Headaches in hospitalized cocaine users

Richard B. Lipton, M. Choy-Kwong, S. Solomon

Research output: Chapter in Book/Report/Conference proceedingChapter

16 Citations (Scopus)

Abstract

We reviewed the medical records of 283 cocaine users consecutively admitted to a municipal hospital and identified 37 patients (13.1%) complaining of headaches. These patients were divided into three groups. Three patients had migraine-like headaches and transient hemiparesis associated with cocaine use. Five patients had headaches associated with cocaine withdrawal. In 29 patients headaches were not clearly associated with cocaine. Twenty-two of the 29 had chronic daily headaches; nine of these patients were depressed. Three had focal brain lesions with chronic daily headache or acute onset global headache. The four remaining patients had other headaches. Based on these findings, we conclude that: (1) Headache is a common complaint in hospitalized cocaine users; (2) Cocaine may occassionally trigger a syndrome which resembles hemiplegic migraine. The potential mechanisms of this syndrome will be discussed; (3) Hospitalized cocaine users who present with headaches most frequently have depression with suicidal ideation, often associated with cocaine withdrawal; and (4) Structural brain disease in these patients may result from a variety of causes.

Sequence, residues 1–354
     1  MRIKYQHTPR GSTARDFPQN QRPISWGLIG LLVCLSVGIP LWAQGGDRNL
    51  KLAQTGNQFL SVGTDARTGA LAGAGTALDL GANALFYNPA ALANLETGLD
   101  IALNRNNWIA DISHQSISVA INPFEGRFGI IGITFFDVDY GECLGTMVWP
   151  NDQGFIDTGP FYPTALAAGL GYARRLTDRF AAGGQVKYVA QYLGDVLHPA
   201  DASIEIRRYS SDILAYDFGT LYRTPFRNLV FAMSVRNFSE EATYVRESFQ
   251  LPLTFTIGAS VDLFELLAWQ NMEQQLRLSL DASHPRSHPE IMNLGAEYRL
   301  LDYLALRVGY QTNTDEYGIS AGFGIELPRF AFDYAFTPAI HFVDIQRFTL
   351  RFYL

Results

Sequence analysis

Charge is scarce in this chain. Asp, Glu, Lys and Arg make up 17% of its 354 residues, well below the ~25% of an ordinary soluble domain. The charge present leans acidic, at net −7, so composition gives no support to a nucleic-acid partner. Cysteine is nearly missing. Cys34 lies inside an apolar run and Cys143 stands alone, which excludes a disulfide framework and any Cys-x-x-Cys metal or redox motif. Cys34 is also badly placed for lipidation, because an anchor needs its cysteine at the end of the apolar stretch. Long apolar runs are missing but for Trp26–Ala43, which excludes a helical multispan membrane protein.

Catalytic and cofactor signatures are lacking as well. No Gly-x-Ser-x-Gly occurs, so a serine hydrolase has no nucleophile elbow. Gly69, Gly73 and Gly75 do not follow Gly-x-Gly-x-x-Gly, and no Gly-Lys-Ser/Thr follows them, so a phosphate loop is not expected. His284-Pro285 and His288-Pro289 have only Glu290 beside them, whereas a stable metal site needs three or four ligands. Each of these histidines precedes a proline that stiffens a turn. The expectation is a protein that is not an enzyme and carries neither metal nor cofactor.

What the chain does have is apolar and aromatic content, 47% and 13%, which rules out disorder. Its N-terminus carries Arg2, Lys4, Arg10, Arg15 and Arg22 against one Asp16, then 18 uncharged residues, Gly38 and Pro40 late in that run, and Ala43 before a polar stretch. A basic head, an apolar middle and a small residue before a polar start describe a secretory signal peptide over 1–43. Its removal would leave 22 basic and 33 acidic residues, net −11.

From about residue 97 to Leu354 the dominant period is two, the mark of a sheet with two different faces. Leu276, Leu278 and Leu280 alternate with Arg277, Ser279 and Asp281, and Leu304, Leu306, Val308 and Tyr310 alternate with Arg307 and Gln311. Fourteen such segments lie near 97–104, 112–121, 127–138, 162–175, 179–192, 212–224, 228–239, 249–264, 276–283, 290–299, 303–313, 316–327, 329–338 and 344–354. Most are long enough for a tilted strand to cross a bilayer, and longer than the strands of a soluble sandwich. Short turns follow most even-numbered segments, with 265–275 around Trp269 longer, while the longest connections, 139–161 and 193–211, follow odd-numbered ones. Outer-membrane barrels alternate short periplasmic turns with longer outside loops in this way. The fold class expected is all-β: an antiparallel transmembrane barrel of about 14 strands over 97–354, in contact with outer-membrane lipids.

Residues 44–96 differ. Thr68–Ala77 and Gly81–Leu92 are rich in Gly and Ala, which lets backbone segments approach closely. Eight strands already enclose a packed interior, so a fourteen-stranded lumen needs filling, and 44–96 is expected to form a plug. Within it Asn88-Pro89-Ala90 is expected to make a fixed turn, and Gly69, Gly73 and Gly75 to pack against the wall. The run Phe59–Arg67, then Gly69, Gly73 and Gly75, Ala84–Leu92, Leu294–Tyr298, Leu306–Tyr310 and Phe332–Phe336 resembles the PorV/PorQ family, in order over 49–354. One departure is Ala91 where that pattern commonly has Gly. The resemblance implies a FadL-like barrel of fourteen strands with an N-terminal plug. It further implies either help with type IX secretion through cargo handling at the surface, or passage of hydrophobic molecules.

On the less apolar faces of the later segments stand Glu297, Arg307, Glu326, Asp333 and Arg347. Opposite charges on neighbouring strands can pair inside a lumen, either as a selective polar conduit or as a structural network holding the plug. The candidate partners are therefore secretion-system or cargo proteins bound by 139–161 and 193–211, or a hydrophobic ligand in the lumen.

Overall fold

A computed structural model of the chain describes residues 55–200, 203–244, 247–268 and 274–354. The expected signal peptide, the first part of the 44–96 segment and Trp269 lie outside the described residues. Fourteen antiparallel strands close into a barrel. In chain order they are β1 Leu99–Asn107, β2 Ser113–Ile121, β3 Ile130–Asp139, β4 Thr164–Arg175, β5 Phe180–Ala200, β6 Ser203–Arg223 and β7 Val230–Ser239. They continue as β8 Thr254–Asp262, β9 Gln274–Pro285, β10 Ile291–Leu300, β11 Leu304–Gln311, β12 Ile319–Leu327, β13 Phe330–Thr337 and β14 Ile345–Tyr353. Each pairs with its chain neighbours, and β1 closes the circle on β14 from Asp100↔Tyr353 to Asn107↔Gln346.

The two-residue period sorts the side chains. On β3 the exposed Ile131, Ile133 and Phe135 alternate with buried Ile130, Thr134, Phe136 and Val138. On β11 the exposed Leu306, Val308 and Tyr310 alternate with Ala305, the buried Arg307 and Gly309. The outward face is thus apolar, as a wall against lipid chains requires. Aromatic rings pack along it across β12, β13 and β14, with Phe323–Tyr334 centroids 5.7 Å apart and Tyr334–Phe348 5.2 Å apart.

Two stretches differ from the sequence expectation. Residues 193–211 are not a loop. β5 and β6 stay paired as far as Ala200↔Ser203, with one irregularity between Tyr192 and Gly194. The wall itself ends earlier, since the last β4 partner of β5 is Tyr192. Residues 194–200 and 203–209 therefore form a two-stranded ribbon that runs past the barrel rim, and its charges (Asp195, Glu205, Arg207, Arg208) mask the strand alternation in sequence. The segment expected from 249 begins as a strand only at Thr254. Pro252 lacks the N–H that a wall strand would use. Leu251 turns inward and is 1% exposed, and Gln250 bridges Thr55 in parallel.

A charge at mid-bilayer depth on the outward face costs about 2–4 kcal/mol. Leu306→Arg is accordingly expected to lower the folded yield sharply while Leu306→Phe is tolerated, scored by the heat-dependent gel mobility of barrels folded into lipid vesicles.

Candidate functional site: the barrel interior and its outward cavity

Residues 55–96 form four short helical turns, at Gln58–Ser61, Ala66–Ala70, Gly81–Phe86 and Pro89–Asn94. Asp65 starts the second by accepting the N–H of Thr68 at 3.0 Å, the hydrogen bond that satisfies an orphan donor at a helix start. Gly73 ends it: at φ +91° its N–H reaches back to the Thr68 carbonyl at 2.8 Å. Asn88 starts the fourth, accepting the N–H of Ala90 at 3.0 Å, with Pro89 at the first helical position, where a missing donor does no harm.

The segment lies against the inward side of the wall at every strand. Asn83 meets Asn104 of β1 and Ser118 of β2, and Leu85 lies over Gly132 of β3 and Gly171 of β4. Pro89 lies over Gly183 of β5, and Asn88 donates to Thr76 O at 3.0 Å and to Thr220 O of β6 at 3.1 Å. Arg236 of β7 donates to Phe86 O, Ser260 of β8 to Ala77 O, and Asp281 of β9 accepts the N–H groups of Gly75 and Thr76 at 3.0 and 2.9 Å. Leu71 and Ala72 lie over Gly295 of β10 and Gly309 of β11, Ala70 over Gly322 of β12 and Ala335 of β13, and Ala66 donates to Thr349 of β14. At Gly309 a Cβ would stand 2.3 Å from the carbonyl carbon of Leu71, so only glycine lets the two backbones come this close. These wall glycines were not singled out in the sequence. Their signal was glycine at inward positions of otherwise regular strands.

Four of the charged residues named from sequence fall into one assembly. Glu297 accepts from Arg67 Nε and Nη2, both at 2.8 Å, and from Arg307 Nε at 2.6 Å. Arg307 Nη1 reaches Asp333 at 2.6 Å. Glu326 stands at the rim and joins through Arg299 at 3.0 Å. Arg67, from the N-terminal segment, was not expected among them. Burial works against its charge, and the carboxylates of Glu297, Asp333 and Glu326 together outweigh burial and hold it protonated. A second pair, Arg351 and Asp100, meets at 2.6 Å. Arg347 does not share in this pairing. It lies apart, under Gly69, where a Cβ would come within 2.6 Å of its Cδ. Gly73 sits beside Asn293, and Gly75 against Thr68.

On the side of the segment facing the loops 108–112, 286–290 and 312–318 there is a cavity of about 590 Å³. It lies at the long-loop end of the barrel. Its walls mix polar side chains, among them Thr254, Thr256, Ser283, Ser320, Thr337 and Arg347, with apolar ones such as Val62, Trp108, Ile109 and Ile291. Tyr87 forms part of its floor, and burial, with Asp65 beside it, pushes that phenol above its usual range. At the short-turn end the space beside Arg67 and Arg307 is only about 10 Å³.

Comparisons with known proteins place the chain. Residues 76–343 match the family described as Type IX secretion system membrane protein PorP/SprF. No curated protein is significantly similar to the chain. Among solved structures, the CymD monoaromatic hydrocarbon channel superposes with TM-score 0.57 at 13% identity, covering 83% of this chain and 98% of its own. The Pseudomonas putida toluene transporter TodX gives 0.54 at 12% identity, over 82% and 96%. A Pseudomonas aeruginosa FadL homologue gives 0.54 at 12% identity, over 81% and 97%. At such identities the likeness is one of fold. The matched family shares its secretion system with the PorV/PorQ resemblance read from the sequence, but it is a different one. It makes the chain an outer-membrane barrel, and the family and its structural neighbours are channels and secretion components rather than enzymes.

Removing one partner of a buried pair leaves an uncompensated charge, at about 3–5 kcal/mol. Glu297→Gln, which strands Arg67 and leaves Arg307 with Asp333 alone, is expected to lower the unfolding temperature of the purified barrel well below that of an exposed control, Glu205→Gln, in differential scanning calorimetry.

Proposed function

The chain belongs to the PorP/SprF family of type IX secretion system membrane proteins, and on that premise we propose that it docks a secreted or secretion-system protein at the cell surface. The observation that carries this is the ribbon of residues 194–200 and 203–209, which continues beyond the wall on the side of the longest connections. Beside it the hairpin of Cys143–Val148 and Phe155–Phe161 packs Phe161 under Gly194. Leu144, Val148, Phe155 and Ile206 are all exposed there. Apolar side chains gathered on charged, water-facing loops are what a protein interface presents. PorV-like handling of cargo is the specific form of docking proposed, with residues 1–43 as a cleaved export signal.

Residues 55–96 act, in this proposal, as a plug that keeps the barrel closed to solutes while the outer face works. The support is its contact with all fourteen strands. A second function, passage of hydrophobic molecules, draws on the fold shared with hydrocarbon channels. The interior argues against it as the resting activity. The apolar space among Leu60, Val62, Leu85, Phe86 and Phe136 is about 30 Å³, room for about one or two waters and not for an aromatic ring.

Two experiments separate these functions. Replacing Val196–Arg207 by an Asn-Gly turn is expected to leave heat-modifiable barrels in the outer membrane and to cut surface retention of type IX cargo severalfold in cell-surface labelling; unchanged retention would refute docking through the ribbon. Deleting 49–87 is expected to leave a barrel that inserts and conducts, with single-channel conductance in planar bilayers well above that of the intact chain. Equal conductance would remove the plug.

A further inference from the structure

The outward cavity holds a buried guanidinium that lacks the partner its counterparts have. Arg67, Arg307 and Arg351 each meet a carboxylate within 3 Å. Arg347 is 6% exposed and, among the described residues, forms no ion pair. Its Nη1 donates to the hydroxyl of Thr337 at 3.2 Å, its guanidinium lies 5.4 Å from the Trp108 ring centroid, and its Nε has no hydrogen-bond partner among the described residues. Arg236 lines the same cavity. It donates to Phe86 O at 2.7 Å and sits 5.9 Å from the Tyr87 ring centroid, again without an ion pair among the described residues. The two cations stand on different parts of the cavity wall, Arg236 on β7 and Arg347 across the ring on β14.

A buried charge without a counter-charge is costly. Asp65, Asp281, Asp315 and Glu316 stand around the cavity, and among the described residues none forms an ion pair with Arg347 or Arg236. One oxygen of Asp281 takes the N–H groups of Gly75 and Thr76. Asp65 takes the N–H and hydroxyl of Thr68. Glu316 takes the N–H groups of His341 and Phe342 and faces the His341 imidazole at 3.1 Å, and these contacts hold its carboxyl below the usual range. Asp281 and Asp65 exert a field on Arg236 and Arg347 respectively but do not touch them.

Original languageEnglish (US)
Title of host publicationHeadache
Pages225-228
Number of pages4
Volume29
Edition4
StatePublished - 1989

Fingerprint

Cocaine
Headache
Headache Disorders
Migraine Disorders
Municipal Hospitals
Suicidal Ideation
Brain Diseases
Paresis
Medical Records
Depression
Brain

ASJC Scopus subject areas